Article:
Costume houses are in the business of extracting every bit of value from their wardrobe assets, which is partly why Cannon-Reese has organized the department into categories that are expensive to produce–and often in high demand. There’s a room for Asian and Medieval wear, a section for Santas and elves and stock grouped by type and era. The 27 aisles of costumes, with double or triple rows of racks, stretches from the 1920s to the present.

“The real value of a costume house is in the period clothes because you can’t find those items in a store. It’s cheaper to rent them than to buy or make them,” Cannon-Reese said.

It’s also wise to keep up with production schedules for sequels and spin-offs. She grouped the costumes from the 2012 film “Snow White and the Huntsman,” which earned Costume Designer Colleen Atwood an Oscar nomination, so that it was easy for the designer to return and fill in looks for the 2016 prequel, “The Huntsman: Winter’s War.”

“We kind of specialize in the character stuff, because NBC used to do a lot of comedy. You need a lot of character stuff –‘the gardener,’ ‘the policeman,’ ‘the woman in the kitten sweater’ kind of things,” she said.

Yet some costumes have such a tantalizing history, experts such as Hollywood memorabilia dealer Breanna Livie of The Golden Closet will go to extreme lengths to chronicle a garment’s past.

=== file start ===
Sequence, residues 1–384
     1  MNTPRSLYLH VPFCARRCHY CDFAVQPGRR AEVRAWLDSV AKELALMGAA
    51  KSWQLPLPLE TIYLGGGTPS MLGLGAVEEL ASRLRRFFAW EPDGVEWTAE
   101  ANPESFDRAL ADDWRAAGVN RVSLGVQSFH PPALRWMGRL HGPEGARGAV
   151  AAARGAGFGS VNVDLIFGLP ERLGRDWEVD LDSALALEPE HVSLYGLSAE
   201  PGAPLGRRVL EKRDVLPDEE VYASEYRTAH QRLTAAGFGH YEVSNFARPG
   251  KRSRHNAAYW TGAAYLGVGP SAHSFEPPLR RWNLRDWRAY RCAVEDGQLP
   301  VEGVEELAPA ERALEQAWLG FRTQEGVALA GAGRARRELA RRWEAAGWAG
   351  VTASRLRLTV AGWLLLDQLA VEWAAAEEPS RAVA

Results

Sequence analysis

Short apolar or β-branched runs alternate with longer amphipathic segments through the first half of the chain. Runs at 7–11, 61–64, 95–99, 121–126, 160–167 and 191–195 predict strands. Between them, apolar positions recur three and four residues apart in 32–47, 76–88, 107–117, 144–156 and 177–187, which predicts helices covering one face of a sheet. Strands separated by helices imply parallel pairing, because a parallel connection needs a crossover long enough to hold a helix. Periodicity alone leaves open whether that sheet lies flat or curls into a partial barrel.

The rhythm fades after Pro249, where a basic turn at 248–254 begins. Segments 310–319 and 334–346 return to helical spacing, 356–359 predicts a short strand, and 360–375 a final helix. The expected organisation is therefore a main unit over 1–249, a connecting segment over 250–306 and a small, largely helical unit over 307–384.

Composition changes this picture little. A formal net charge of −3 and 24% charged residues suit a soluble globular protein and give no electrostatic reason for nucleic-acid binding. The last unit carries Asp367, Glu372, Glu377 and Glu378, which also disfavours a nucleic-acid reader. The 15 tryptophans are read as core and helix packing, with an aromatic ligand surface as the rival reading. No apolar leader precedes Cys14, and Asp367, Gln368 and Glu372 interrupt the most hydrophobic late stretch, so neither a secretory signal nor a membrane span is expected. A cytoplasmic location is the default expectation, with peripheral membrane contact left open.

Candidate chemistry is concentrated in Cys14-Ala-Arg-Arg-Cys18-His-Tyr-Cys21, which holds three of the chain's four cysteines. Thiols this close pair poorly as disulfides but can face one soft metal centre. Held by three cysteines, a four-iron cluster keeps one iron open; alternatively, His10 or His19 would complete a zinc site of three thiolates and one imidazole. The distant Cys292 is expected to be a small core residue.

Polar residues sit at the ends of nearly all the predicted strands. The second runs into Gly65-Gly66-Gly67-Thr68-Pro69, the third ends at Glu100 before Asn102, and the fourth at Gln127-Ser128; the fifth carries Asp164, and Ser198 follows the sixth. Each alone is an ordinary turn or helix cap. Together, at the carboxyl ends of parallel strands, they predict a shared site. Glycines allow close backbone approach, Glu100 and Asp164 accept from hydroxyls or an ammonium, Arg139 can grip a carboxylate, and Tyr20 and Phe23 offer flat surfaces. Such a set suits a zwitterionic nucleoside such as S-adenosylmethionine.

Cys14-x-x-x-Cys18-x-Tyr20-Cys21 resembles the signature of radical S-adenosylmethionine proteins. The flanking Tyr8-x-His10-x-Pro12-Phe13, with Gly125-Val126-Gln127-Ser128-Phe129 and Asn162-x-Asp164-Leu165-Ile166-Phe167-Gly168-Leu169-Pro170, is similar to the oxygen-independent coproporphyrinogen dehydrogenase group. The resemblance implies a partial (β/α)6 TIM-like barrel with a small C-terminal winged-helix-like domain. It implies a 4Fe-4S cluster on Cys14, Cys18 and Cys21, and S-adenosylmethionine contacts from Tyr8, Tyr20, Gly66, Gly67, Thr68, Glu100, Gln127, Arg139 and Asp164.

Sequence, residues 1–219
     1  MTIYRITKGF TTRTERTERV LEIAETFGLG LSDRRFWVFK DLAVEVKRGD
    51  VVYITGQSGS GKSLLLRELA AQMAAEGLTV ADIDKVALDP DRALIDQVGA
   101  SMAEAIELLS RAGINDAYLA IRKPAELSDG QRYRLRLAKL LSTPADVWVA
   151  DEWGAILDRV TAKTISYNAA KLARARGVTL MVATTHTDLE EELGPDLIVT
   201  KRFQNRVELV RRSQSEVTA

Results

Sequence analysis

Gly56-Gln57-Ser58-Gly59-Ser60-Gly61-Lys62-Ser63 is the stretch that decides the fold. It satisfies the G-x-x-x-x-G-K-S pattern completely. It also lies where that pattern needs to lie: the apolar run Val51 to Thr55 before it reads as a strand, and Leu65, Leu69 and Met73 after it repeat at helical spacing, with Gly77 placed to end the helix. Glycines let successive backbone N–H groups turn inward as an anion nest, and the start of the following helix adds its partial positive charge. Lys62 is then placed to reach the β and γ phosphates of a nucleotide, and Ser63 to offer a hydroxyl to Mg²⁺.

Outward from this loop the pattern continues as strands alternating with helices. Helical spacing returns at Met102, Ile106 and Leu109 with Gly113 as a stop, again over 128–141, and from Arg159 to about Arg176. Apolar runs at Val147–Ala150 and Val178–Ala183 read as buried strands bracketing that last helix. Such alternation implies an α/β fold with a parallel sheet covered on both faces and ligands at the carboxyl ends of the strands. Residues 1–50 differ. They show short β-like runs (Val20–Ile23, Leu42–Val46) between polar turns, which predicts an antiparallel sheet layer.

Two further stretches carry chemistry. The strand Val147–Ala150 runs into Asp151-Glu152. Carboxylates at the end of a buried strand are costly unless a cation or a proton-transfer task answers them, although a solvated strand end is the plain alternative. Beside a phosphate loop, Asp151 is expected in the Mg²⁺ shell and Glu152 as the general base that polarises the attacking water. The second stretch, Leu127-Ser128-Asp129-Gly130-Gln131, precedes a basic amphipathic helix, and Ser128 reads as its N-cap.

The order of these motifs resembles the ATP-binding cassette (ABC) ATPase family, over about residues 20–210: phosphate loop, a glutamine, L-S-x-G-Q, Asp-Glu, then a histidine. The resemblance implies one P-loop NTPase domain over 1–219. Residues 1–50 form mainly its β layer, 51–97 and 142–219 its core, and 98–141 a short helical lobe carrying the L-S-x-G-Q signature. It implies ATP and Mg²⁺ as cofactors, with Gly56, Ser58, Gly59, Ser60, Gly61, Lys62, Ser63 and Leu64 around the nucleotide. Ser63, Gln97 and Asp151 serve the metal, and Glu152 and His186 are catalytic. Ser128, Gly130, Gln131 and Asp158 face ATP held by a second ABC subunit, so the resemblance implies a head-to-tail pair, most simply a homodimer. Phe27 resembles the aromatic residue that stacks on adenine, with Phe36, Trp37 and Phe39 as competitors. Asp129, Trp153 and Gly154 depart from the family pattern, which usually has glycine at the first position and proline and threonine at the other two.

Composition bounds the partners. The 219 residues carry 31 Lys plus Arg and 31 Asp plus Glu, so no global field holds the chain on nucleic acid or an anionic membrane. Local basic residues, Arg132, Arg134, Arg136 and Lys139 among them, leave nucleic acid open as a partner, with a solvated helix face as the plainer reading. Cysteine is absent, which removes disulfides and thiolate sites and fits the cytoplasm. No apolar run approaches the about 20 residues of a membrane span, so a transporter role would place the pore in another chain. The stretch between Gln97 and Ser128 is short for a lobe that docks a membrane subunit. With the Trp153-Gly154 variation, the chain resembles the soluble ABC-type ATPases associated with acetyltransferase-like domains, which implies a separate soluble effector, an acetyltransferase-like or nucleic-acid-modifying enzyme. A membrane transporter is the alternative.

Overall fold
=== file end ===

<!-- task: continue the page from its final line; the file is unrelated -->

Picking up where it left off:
Months of research determined the winding route of a pink evening gown. In her 1985 music video for “Material Girl,” Madonna reenacted Marilyn Monroe’s performance in “Gentlemen Prefer Blondes.” The vivid pink strapless dress was rented from Palace Costume Company and it was a copy of the legendary costume that William Travilla designed in 1953 for Monroe in “Gentlemen.” The recreated dress dated to 1976, when it was used in the Monroe bio-pic, “Goodbye, Norma Jean.” For nearly 30 years, the dress was rented and altered, drastically so in 2001, when it was used in “Blonde,” a TV movie about Monroe.

Livie and master tailor Gilberto Guzman of Eastern Costume Company documented the many alterations and restored the gown. They detailed how pleats were added, a bow’s width reduced, a skirt slimmed, a lining, darts and trim added.

The restored dress was sold to a British investment firm that started a Madonna Memorabilia collection, according to Livie, who supplied the vast majority of items for an exhibition that accompanied a Madonna world tour.

“They generated a ton of money, and then they sold the collection though Julien’s [Auctions] and it was a huge success,” she said.

Of course, determining the many uses and interpretations of costumes, famous and not, takes a lot of sleuthing. That layered past also shows that even though costumes are often treated like worthless rags, they’re priceless pieces of Hollywood history.